Social prescribers from Rockingham Forest Primary Care Network draw on their diverse experience to help patients with issues including healthcare, debt, substance misuse, mental health and bereavement.
Social prescribing is a new discipline, introduced by Primary Care Networks, which are local partnerships of GP practices. They encourage multi-agency working involving healthcare providers, social services, local organisations, charities and the voluntary sector.
The service is proving very popular with more than 2,000 patients from Kettering and Corby having consultations over the past year. Feedback has been positive and the service complements and extends the 'traditional' care that medical practices offer.
Team members Sam Hendry, Linsey Carson, Paula Kelly and Caroline Shoveller have a wide range of professional experience and meet regularly to discuss strategies and successes.
Sam said; 'What starts as a regular conversation with a patient can highlight other issues … There has definitely been more isolation, loneliness and anxiety since the pandemic started.'
Linsey said: 'I used to work in criminal justice and, although this is a very different arena, there can be common issues around accommodation, finance and mental health. It is about supporting patients of all ages to get better outcomes.'
Caroline, whose background is in Citizens' Advice, said: 'It is a great job, we love it, it is nice to be able to help and support people and we really work closely as a team.'
Paula was a receptionist then healthcare assistant before joining the social prescribing team. She is now a care co-ordinator for the PCN, working with those classed as severely frail: 'You can see someone from start to finish and see how they have progressed and their life has improved.'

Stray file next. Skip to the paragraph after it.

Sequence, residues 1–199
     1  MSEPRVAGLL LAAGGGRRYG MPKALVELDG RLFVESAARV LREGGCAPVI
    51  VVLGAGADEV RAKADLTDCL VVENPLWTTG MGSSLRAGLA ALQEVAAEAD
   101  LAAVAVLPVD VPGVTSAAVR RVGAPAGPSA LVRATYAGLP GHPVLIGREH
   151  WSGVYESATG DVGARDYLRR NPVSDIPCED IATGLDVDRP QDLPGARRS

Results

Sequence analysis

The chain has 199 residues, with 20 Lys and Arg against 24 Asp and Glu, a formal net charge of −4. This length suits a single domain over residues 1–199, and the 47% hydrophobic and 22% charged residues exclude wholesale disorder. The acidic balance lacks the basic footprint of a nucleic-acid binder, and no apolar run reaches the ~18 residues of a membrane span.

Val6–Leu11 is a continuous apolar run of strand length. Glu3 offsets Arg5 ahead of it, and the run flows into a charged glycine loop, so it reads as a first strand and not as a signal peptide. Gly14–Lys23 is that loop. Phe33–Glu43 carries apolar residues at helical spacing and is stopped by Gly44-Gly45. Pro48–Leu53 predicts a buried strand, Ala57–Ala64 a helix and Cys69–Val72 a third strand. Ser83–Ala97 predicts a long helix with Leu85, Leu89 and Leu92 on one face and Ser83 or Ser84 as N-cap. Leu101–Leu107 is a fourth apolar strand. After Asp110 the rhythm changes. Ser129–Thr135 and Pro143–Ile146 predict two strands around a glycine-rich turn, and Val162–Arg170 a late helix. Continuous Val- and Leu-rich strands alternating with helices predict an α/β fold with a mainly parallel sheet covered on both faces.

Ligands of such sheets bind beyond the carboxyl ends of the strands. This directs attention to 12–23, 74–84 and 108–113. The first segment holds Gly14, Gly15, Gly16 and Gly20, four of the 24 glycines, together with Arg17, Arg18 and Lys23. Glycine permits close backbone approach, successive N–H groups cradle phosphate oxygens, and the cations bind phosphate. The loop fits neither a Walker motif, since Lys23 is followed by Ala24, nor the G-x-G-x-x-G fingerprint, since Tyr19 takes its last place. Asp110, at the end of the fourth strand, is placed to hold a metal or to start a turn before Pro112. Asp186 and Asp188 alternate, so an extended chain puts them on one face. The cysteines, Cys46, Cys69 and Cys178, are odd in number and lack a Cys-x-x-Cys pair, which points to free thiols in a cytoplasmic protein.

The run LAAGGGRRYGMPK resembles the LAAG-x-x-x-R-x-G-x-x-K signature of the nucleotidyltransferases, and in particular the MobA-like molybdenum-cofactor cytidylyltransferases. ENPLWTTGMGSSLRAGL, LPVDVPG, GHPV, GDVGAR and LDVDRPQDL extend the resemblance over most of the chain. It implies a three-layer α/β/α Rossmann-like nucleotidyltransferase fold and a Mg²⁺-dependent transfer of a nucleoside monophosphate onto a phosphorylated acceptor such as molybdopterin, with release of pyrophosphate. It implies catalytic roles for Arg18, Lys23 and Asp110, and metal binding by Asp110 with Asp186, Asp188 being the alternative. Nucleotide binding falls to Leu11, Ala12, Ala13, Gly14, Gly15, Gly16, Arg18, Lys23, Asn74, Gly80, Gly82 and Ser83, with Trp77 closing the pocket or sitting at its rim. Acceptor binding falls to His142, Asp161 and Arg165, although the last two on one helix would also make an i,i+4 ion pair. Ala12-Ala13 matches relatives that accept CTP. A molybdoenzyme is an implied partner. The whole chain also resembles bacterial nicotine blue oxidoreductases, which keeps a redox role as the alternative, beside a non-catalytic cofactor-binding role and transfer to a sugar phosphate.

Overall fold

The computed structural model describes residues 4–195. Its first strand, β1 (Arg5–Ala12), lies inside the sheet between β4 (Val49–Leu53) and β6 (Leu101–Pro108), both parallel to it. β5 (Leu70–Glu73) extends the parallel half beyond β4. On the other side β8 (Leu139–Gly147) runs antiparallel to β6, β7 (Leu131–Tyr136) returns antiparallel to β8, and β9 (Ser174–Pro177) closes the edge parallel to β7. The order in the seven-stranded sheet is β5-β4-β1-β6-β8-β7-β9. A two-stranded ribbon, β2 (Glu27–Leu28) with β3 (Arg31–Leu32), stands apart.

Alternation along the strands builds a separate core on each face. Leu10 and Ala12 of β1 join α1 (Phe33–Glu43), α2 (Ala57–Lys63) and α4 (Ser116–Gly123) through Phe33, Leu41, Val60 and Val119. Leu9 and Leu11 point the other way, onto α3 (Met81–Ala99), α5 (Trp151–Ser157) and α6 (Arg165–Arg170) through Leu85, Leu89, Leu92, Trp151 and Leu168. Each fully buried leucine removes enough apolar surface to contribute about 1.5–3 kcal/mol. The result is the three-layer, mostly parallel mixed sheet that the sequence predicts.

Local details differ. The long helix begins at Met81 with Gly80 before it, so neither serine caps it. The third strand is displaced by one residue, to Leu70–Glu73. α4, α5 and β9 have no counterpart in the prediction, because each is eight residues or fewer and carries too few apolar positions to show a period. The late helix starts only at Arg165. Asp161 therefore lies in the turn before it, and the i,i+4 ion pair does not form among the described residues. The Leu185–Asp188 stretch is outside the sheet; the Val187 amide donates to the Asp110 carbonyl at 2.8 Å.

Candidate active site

Team leader Kareema McCarthy said: 'Some patients just need one or two appointments while others may need longer term support. It is very rewarding to see the progress that they make. We tailor their care individually and that could include more physical exercise, such as taking part in an organised health walk, mindfulness exercises, or being put in touch with other support agencies. Patients often take the time to give us individual feedback about how our intervention has made a real difference to them.'
The team helps patients with: weight management and gym, mild mental health issues, community engagement, loneliness and isolation, financial difficulties, substance misuse, accommodation, adult social care, bereavement, stopping smoking, befriending, counselling and occupational therapy.
The Northants Stop Smoking team said: 'A huge thank you to you and your colleagues for the volume of referrals you've sent our way this year. Since April Lakeside has referred more than 100 patients to the Northamptonshire Stop Smoking Service, and many of them have gone on to successfully stop smoking with our support. Lakeside is one of the top referring practices in the county, and for that we are truly grateful.'